5. Watch for the time suck

My friend Barry Moltz has been known to call social media and internet searching the “world-wide waste of time” — and he’s right! I know that YouTube and Facebook can make hours disappear for me. You know what makes you lose hours of productive time. Watch for being sucked down the rabbit hole of cute animal videos, or whatever you enjoy.

6. Establish boundaries

When it comes to finding social media sanity, remember that you have the ability to establish boundaries. Remind yourself that social media works for you, you don’t work for it. Establish boundaries for when you will and will not engage. Schedule time on your calendar for it if you need to and then don’t go on when it’s not scheduled.

7. Know your news limits

Knowing your news limits can help with finding social media sanity in a big way. How much news do we really need to read or watch? We need to be informed, but do we need 24 hours of news every single day? Personal news limits will of course vary person to person, and only you know what your limits are. Knowing those limits means figuring out the best way to stay current, but also keeping yourself out of anger or despair.

8. Prioritize business interactions

If you are using social media for business, try limiting yourself to interacting with people who are engaging with you in a business context.

Then, have scheduled time for being social and catching up with friends and family. During these times, you can just let yourself go with the flow.

9. Counterbalance negativity

In our interview, Jon-David talks about the importance of meditation, exercise, and going out with friends, and how that has helped him immensely. Please know that if you are down or feeling depressed, these may be the last things you feel like doing, but you should try to do them anyway. There’s a really good chance that you’ll feel better if you do.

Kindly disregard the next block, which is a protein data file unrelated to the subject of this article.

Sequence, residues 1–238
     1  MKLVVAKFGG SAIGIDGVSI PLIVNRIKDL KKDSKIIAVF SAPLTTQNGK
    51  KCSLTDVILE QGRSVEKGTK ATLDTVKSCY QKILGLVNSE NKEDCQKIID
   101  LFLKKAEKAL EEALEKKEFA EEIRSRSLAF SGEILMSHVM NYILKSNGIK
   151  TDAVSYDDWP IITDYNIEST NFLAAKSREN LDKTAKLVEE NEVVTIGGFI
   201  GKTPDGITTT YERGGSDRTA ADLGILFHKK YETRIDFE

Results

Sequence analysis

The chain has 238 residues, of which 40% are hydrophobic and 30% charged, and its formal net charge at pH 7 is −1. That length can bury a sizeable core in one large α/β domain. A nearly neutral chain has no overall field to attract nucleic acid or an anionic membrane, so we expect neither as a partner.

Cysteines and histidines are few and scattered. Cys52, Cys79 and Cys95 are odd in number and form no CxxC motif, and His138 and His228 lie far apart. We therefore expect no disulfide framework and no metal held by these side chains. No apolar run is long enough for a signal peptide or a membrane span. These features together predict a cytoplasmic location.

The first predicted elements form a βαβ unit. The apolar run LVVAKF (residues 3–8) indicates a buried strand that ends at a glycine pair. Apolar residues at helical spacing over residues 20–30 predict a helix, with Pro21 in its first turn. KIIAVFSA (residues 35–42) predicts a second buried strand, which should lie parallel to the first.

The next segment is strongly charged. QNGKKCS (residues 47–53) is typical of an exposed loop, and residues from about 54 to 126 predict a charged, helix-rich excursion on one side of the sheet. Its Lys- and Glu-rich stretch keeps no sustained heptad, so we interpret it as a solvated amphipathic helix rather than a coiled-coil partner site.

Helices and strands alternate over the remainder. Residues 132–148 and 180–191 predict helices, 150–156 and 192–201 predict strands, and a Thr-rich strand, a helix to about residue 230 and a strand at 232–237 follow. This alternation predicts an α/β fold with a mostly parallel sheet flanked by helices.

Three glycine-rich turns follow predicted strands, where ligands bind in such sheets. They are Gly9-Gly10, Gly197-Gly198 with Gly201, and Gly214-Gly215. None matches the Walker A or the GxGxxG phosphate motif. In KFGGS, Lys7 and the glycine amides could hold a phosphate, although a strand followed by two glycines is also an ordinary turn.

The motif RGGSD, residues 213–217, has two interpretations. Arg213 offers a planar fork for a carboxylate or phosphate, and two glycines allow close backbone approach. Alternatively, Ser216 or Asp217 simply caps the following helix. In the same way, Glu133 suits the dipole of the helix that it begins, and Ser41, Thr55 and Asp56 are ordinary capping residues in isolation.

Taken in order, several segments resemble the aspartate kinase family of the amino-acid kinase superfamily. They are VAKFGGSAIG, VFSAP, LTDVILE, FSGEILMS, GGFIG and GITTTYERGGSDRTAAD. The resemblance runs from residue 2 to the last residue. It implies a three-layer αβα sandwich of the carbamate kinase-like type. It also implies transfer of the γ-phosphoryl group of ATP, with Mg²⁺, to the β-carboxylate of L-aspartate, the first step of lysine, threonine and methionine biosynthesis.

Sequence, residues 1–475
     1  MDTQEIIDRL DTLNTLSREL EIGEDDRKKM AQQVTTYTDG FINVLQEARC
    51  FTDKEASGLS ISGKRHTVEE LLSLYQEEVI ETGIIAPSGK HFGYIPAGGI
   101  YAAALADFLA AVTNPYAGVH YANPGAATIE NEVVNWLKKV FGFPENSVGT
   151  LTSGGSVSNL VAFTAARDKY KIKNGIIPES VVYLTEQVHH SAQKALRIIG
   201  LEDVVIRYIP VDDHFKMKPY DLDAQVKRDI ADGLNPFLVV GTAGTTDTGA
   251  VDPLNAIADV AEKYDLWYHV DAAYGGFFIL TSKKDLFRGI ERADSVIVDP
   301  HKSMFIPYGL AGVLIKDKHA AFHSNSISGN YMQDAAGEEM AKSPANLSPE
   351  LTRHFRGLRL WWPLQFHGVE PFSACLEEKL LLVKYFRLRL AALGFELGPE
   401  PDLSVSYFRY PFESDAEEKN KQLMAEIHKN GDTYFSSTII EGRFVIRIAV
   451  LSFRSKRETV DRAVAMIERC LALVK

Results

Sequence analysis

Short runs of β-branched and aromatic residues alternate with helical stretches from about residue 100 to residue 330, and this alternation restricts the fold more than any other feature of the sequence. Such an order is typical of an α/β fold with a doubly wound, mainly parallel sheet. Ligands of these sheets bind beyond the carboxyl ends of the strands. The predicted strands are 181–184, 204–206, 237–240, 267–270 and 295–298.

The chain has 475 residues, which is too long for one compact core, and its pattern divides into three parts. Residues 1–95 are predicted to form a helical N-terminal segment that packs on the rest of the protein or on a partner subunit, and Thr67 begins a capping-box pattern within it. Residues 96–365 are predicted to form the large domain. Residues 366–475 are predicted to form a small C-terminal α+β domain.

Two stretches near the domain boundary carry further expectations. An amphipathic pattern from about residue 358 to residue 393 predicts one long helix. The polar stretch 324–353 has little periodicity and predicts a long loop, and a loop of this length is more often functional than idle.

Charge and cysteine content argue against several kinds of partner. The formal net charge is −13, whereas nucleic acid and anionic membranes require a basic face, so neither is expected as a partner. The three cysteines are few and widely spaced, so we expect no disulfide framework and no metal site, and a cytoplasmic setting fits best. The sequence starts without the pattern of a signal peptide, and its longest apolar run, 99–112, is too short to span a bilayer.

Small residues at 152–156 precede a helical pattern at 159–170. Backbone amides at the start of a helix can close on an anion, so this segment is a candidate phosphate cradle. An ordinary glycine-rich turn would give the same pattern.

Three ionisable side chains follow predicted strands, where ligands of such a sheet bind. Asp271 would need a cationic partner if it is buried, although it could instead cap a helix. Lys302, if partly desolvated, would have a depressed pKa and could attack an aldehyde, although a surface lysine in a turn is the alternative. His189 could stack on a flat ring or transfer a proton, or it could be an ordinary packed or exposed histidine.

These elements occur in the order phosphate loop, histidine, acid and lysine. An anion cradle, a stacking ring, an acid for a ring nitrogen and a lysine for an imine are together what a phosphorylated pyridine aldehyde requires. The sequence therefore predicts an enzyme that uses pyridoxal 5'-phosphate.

10. Share your struggles

One of the ways of finding sanity in social media is to counteract feeling crappy about your struggles by sharing them with others. Find other entrepreneurs or small business owners and talk about lumpy revenue streams, cash flow issues, uncertainty, and all the things we all struggle with. Sharing your struggles doesn’t solve your problems, but it does help to know you’re not alone, and there is definitely both wisdom and power in the community of friendship.
My whole interview with Jon-David is below. I hope you’ll watch or listen to it when you’ve got a moment, especially if finding sanity in social media with all that’s going on in your life can be challenging.

One thing I know for certain about depression and the power of social media: When you choose to open up and share personal thoughts and feelings with friends you’ve made through social media channels or a community you’ve joined, you may well be overwhelmed by the solidarity and support you receive when you share. Others may have been dying to share as well, and didn’t have a safe place or the courage to go first. That’s what inspired me to create The Depression Discussions™: The Conversations Entrepreneurs Need to Have, to encourage these conversations, and to help create a safe place for these conversations to take place.

Jon-David is terrific and the insights he shares during the course of our interview are incredibly valuable—I’m sure you’ll enjoy it. And if you want more, you can find other interviews I’ve done here. I hope you’ll also join The Depression Discussions™: The Conversations Entrepreneurs Need to Have here on Facebook.

The original version of this article was first published on Carol Roth blog.

Catherine Morgan

Catherine Morgan is a career transition expert, business consultant, and the founder of Point A to Point B Transitions Inc. Catherine started The Depression Discussions™: The Conversations Entrepreneurs Need to Have because she knows so many professionals who struggle working with – and managing through – depression.